Things To Know Before You Come
Visitors should be prepared to enjoy a non-traditional National Park Service experience. There are no roads, trails, campgrounds or regularly attended ranger stations in Cape Krusenstern National Monument. This is truly a wild area. Access is typically by small aircraft. Licensed air transporters are available in Kotzebue. Flights to most areas of the monument are generally 1 hour or less in duration.
The number of National Park Service staff in Kotzebue is small and the acreage of the monument is large. Visitors may not be able to contact a ranger if they have an emergency. Backcountry experience and self-sufficiency are vital. Along with this come tremendous opportunities for peace and solitude on a vast landscape.
Visitors are not required to check in with staff at the headquarters office in Kotzebue or get a permit before starting a trip in the monument. However, rangers are happy to document itineraries if travelers wish to provide that information.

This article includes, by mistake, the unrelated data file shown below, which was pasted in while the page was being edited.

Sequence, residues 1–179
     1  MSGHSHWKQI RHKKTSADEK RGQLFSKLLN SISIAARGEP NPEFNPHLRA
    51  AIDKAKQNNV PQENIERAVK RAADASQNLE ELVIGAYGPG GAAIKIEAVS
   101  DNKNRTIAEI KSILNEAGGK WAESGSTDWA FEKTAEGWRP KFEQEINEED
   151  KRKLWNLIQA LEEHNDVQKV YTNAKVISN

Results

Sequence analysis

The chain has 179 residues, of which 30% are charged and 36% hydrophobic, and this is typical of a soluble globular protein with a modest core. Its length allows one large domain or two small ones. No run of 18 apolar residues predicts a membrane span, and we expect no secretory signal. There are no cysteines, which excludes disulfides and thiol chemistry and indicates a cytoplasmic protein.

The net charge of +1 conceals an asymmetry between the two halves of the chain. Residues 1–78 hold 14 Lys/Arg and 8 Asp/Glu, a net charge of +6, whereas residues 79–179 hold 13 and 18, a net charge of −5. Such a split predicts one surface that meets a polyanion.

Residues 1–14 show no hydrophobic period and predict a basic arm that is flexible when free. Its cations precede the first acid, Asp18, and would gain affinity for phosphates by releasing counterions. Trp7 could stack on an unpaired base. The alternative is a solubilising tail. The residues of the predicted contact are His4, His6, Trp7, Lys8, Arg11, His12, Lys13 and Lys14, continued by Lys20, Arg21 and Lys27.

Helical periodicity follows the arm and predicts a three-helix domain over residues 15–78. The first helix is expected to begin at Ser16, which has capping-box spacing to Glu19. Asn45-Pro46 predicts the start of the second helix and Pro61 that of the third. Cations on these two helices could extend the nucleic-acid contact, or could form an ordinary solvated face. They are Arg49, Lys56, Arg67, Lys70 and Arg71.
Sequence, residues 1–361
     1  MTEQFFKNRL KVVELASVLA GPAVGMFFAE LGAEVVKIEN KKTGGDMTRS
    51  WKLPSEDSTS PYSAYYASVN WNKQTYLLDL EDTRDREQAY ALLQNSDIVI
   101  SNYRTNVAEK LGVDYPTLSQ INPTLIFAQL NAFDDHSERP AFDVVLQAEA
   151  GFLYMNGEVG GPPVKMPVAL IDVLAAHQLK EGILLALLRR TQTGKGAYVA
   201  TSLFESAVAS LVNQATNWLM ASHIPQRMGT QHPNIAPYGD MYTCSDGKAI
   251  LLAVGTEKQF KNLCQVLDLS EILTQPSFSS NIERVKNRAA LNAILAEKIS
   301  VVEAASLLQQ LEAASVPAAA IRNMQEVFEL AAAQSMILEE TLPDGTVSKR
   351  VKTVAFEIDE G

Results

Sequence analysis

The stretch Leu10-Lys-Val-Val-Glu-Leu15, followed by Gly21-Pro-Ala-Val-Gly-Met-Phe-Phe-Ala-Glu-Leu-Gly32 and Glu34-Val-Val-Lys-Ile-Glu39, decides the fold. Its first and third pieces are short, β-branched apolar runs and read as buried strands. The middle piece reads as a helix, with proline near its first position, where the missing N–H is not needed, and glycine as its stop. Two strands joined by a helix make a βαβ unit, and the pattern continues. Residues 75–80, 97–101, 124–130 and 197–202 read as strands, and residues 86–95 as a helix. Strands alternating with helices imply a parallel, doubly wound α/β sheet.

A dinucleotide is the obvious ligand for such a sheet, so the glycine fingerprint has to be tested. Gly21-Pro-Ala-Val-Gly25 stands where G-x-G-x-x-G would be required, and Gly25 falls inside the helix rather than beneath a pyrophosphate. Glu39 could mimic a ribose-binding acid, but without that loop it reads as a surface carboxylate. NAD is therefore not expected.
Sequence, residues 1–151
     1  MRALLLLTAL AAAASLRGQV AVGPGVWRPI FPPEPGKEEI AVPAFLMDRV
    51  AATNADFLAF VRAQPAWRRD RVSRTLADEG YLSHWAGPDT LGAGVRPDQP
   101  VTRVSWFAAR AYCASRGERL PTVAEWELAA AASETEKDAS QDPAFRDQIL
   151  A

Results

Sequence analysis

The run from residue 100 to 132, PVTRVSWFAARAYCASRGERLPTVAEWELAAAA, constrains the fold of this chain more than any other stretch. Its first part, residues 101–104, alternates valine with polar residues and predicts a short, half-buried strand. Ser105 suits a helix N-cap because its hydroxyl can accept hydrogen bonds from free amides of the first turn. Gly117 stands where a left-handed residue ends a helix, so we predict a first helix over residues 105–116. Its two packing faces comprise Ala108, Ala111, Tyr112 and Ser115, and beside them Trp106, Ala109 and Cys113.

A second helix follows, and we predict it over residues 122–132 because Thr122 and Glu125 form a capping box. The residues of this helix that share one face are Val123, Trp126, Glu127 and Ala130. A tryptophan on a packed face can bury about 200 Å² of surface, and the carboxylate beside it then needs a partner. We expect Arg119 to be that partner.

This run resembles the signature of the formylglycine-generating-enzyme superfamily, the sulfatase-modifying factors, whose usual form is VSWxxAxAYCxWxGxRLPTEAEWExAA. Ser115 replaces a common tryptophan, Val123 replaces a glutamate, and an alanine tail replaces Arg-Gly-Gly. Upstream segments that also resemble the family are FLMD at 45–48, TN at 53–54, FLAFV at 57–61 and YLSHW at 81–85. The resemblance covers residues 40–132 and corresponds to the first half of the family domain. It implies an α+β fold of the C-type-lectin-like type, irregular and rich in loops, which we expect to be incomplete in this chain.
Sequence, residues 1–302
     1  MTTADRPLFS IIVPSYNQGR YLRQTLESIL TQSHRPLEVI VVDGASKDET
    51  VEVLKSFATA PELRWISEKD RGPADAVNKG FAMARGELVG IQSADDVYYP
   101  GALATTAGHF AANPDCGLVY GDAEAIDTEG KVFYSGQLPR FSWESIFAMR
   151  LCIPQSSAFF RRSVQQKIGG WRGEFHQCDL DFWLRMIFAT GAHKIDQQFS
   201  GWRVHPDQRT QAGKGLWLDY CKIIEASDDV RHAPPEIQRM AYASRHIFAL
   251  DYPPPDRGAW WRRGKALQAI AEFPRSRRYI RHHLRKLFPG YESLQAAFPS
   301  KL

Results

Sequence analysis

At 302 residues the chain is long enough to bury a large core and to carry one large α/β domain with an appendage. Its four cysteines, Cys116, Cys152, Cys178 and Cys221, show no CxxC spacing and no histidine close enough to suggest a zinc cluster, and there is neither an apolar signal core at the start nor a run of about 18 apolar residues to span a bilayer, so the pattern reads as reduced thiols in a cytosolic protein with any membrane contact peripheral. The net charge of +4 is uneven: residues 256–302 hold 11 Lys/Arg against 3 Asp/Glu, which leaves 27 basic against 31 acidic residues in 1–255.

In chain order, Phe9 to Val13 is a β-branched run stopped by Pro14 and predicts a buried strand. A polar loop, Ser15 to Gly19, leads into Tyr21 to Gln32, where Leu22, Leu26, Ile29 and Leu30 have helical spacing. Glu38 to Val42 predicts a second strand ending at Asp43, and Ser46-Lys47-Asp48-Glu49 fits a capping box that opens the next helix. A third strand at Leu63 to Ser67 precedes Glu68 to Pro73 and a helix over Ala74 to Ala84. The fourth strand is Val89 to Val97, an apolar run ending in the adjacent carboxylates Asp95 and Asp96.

Cellular phones do not work in the backcountry. Satellite phones have proven useful and some travelers choose to carry them for added safety.
Unlike many National Park units, Cape Krusenstern National Monument allows local residents to hunt and gather resources from the land. Please respect all of these subsistence activities and give people a wide berth so they may finish their work without interruption. Please do not interfere with subsistence camps, fishnets or other equipment.
Visitors who plan to fish must have an Alaska state fishing license. Licenses are available in Kotzebue or online at www.adfg.state.ak.us.
Did You Know?
J. Louis Gidding's investigation of 4000 years of archeological evidence at Cape Krusenstern National Monument resulted in his important book Ancient Men of the Arctic.